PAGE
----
Arm Intervention/treatment
Experimental: Treadmill training
Home-based treadmill training
Behavioral: Treadmill training
Walking on a treadmill 3 times per week for 6 weeks

No Intervention: Usual care
Control group

Primary Outcome Measures :
  1. Distance walked in 6 minutes [ Time Frame: study entry (0 weeks), 7 and 13 weeks ]

Secondary Outcome Measures :
  1. Unified Parkinson's disease Rating Scale (UPDRS) - motor examination [ Time Frame: 0, 7 and 13 weeks ]
  2. The Parkinson's disease Questionnaire (PDQ-39 [ Time Frame: 0, 7 and 13 weeks ]
  3. Walking Automaticity, determined as the velocity of walking 10m while performing a concurrent (cognitive or cognitive + physical) task expressed as a percentage of the velocity of walking 10m without performing the concurrent task. [ Time Frame: 0, 7 and 13 weeks ]
  4. Walking consistency determined as the co-efficients of variation for stride time and stride length recorded during the 6 minute walk test. [ Time Frame: 0, 7 and 13 weeks ]

Information from the National Library of Medicine

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Ages Eligible for Study:   30 Years to 80 Years   (Adult, Older Adult)
Sexes Eligible for Study:   All
Accepts Healthy Volunteers:   No

Inclusion Criteria:

  • clinical diagnosis of idiopathic Parkinson's disease
  • aged 30-80 years old
  • subjective disturbance of gait and / or Unified Parkinson's disease rating scale (UPDRS) gait subscore of 1
  • sedentary, defined as performing less than 2 hours / week of leisure-time physical activity over the prior 3 months
  • have adapted to their current anti-Parkinsonian medication for at least 2 weeks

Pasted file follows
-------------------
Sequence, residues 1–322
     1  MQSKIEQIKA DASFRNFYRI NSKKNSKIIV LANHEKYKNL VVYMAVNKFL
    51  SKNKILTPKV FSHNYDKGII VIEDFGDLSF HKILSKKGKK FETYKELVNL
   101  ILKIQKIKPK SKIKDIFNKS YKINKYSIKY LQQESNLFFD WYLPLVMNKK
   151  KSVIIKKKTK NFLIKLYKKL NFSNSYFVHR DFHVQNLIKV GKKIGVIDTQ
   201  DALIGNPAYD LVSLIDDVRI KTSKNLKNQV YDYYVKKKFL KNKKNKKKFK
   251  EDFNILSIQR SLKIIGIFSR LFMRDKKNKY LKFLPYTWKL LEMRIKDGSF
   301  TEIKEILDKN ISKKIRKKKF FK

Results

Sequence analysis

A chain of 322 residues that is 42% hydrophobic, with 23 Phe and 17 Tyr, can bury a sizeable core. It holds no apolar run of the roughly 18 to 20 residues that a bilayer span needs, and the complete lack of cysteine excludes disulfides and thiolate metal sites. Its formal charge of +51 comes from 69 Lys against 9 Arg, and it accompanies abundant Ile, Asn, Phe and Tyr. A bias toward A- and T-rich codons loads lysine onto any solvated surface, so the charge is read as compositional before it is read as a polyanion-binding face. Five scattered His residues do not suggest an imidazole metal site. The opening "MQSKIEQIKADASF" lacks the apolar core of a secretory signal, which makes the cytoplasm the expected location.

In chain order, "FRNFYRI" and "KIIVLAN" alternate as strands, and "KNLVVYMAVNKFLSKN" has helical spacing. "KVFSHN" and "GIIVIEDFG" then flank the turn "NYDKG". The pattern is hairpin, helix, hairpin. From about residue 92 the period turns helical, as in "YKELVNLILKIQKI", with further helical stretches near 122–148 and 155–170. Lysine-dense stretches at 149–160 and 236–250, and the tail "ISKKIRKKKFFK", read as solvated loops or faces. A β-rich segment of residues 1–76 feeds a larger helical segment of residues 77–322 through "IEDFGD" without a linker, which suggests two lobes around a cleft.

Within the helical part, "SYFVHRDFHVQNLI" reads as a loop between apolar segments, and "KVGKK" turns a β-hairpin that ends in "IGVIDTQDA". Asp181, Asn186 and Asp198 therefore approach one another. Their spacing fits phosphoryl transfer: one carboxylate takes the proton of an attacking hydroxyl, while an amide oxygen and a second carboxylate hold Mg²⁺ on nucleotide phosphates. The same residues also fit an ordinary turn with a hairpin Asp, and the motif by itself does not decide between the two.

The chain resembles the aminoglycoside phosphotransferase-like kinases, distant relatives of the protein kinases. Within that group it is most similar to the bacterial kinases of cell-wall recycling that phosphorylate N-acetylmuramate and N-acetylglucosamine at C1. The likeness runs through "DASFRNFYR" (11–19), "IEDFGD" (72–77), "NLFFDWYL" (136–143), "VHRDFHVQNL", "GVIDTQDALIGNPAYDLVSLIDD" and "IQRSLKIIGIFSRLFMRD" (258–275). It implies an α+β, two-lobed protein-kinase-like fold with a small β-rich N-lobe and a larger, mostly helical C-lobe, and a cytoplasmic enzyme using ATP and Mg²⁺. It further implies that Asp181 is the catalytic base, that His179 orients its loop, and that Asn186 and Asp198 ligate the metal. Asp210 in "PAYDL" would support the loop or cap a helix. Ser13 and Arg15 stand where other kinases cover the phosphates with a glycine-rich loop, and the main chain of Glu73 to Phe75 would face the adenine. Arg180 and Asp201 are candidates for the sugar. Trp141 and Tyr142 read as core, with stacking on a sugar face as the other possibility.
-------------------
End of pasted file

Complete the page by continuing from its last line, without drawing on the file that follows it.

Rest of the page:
Exclusion Criteria:

  • motor fluctuations or dyskinesias which are disabling
  • require the use of a walking aid
  • more than one fall in the last 12 months
  • Mini-Mental State Examination score of <24
  • exhibit other neurological or musculoskeletal conditions affecting walking
  • chest pain at rest or during exercise in the last 3 months, or heart attack, angioplasty or heart surgery in the last 6 months

Information from the National Library of Medicine

To learn more about this study, you or your doctor may contact the study research staff using the contact information provided by the sponsor.

Please refer to this study by its identifier (NCT number): NCT00261781

Australia, New South Wales
Westmead Hospital
Sydney, New South Wales, Australia, 2145
Sponsors and Collaborators
Natalie Allen
South West Sydney Local Health District
Principal Investigator: Colleen G Canning, PhD University of Sydney

Publications of Results:
Other Publications:
Responsible Party: Natalie Allen, Dr Natalie allen, University of Sydney Identifier: NCT00261781     History of Changes
Other Study ID Numbers: U3189
First Posted: December 5, 2005    Key Record Dates
Last Update Posted: May 29, 2015
Last Verified: May 2015

Keywords provided by Natalie Allen, University of Sydney:
Quality of Life

Additional relevant MeSH terms:
Parkinson Disease
Parkinsonian Disorders
Basal Ganglia Diseases
Brain Diseases
Central Nervous System Diseases
Nervous System Diseases
Movement Disorders
Neurodegenerative Diseases